In public statements, Vietnam demonstrates a firmness regarding its sovereignty, as well as a willingness to cooperate to resolve the dispute according to international law, especially the United Nations Convention on the Law of the Sea (UNCLOS). However, the repetition of these phrases through the years have turned these statements into meaningless pronouncements, and the messages in these statements have even become memes, used in a mocking attitude by Vietnamese netizens. In recent years, these statements have begun to include mentions of litigation as a possible means of resolving the disputes, suggesting Vietnam’s willingness to bring China to court. However, a threat is only credible when those making the threat are willing to walk the talk. Without concrete action to signal serious intent, the threat of bringing China to court will become meaningless over time.
Vietnam has suffered the consequences for its weak and symbolic reactions to China’s aggression in both the political and economic fields. The most notable setback to Vietnam was how China increased the frequency of its activities in recent years. After the 2014 Haiyang Shiyou 981 standoff, China had repeatedly deployed research vessels and oil rigs to the exclusive economic zone (EEZ) of Vietnam, and generally with longer duration and increased frequency of missions.
In 2014, China only deployed its vessels into Vietnam’s EEZ once, and only for about two months. Last year, it deployed a vessel four or five times, with the total duration of these missions being around six months, from late March until early October. In the whole of 2019, there were three cases of Chinese vessels attacking and/or harassing Vietnamese fishing vessels. This year, three cases occurred in just the first six months.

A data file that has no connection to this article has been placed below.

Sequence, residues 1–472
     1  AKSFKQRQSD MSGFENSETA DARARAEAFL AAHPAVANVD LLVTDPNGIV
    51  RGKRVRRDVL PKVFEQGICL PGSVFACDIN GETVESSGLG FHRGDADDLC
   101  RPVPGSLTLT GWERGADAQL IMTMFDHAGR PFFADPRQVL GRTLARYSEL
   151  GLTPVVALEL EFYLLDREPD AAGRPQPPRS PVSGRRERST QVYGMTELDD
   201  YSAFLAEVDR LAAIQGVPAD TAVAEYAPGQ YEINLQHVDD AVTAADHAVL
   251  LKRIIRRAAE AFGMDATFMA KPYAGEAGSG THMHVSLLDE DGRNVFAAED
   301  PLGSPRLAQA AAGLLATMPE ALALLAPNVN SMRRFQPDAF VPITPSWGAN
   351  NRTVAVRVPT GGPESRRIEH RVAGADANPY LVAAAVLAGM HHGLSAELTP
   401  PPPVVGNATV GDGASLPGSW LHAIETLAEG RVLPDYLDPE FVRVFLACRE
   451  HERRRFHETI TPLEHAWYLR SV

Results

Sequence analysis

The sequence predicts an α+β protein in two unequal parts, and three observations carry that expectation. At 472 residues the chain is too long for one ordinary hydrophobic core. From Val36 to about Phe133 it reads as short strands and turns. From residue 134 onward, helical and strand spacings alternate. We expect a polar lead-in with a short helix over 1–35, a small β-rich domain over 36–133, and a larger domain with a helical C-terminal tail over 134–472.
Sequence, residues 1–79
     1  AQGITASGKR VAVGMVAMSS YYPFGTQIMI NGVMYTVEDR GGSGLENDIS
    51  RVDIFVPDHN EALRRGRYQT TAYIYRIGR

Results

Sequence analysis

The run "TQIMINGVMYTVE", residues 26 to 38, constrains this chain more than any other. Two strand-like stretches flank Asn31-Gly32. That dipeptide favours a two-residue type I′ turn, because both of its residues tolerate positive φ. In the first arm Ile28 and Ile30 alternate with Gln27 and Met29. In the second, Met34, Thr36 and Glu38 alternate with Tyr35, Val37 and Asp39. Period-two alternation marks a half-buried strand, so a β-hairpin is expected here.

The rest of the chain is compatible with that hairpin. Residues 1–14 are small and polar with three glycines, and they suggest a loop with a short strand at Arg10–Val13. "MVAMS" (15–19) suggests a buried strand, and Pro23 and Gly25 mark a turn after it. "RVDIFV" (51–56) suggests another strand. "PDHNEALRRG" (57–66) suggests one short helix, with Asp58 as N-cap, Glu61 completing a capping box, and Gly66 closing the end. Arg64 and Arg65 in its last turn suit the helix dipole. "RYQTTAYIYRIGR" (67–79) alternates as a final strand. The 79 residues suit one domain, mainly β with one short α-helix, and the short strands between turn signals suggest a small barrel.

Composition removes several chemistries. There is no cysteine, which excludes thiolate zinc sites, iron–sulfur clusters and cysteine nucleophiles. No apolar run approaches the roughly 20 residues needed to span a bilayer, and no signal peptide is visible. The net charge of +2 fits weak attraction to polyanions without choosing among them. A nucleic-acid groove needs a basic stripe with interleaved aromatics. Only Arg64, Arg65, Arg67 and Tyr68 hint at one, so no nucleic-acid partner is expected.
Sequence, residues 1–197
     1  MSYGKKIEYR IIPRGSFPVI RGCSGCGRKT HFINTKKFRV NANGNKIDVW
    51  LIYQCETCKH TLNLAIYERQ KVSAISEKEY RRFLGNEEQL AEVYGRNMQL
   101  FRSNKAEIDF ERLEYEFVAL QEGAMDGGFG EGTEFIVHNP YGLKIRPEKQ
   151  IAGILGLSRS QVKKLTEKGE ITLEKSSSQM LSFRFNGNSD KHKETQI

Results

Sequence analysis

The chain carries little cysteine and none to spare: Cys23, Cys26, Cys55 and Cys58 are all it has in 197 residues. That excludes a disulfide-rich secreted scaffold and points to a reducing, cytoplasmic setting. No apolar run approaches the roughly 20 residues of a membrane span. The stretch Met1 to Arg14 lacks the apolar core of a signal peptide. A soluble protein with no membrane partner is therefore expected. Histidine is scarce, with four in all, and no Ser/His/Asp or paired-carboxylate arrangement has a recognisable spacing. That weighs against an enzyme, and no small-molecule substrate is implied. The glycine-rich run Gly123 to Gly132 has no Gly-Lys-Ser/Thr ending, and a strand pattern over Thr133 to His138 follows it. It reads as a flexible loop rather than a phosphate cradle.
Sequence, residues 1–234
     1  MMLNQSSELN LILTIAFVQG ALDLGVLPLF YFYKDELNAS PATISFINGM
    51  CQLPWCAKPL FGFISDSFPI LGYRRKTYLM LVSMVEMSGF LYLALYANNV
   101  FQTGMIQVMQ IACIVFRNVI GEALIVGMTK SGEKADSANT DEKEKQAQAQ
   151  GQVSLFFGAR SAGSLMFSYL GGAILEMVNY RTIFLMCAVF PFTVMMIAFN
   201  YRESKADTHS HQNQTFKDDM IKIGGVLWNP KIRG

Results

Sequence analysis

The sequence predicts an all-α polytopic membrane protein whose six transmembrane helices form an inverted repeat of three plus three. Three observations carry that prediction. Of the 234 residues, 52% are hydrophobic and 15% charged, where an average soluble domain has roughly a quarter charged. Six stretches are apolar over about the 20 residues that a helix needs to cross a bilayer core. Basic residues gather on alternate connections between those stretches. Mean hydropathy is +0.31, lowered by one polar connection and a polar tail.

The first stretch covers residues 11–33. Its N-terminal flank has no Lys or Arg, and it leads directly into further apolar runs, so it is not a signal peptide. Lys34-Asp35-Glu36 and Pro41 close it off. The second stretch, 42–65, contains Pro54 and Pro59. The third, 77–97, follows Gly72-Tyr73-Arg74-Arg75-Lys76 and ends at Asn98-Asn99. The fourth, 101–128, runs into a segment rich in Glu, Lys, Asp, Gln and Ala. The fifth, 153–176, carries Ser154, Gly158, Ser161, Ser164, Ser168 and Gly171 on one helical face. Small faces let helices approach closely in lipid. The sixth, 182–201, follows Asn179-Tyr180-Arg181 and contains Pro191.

With China showing little tolerance for vessels violating their arbitrary fishing ban, many Vietnamese fishermen are being forced to abandon their traditional fishing grounds and sail further south. This is a root cause for increasing illegal, unreported and unregulated (IUU) fishing activities in the region. These fishing vessels intrude into the waters of Indonesia and Malaysia and conduct illegal fishing.
This has created a wedge issue in the relations between Vietnam and both countries as more and more Vietnamese fishing vessels are being detained and in some cases, destroyed. Most recently, a clash between Malaysian Maritime Enforcement Agency vessels and Vietnamese fishing vessels operating illegally inside Malaysian waters resulted in the death of a Vietnamese fisherman.
Proven and probable reserves of gas and oil in the South China Sea (Graphic via CSIS Asia MaritimeTransparency Initiative)
There is also a possibility that Vietnam is also facing political consequences at home. With the increased harassment of China, Vietnam has had to cancel several oil and gas development projects, with the compensation for foreign companies totaling close to $1 billion. Most recently, Vietnam delayed the exploration of block 06-01 until next year, a project previously rumored to be cancelled altogether.
Aside from this, there have been reports of grassroots dissatisfaction among Vietnamese fishermen whose vessels were sunk. According to one researcher, they expressed disappointment that their cases were not appropriately handled by the Vietnamese authorities, and their loss was not compensated sufficiently. If this situation continues, the Vietnamese government might face challenges to its legitimacy and lose domestic support.